We had good luck in Donegal as well. It was quite recently that I identified this
townland, with the help of TIARA member Marie Dorsey. I had heard that
William Emmett Dever,
Mayor of Chicago in 1923-27, was a relation, as were the Devirs who were mayors of Malden,
but I did not know the connection. Marie had researched the death records and
naturalization papers for many of the Devers, and proved that there were at least
four brothers who came from Letterilly. My connection was proven when we found my
grandmother’s cousin in the 1930 census, living as a cousin with the sisters of
William Emmett Dever! My great grandmother Mary Dever was his aunt. Another
TIARA member, Robert Murray, is descended from Mary’s aunt, Grace Dever.
Mary Dever was one of eight Dever siblings who came to Woburn, Massachusetts,
one at a time over a period of about ten years. Their uncle Patrick owned a
tannery in Woburn. Mary’s parents, Dennis Dever and Sarah McCole, never left
Letterilly. As I learned from the Griffith Valuation cancellation books,
there was probably one more son who stayed in Ireland, and took over the
Dever family plot when Dennis died about 1878. This was Thomas, who may have
been the oldest son, as he disappeared from the records in 1896.
We drove to Letterilly by the scenic route, visiting Killybegs, the Slieve League,
and the Country Life Museum in Glencolumbkille before approaching Glenties, which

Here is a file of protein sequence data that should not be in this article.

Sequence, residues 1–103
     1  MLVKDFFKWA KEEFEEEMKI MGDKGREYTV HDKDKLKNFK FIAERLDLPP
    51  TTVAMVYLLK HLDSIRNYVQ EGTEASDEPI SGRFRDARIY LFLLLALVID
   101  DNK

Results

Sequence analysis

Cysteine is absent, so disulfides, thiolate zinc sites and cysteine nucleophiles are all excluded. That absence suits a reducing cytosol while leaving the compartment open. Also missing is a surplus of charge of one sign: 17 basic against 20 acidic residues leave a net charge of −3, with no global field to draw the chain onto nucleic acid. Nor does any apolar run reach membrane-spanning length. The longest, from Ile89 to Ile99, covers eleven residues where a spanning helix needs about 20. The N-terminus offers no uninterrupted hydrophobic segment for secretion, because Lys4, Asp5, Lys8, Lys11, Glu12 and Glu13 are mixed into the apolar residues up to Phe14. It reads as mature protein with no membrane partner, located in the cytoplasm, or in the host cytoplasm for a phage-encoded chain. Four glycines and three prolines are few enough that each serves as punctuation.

is the nearest town to Letterilly.
The Slieve League, Donegal
Country Life Museum, Glencolumbkille
The church is in Glenties, but the parish register
started too late to record the baptisms of the Dever children who came to America.
Although we spent a long time in the old graveyard, we could not identify any Dever
tombstones. They may have been obliterated by time, or the family could not afford
markers. We talked to two groundskeepers, who were from Letterilly, but they had never heard of any Devers there.
The Old Cemetery in Letterilly
Again armed with an 1857 map, we set out to find the family plot. We drove up and
down the road, searching for landmarks. The area is right on the west coast of Donegal, with wide sandy estuaries and beautiful beaches.
Finally we identified a little brook,
called the Maas River on the map, which led us to the plot. Dennis’s plot was
on the border between Letterilly and Maas townlands. He leased 54 acres, but as
we discovered, it was almost all bog. There were not even any sheep grazing there.
To my delight, there was the house! It was just where it stood in 1857, and resembled the two-room houses we had seen in the museums.
I now have photos of the homes of my ancestors! I also have many pages copied
from the Cancellation books, and many items from the parish registers, which
may or may not have reference to my families. The nice thing about doing genealogy research is, you never come to the end!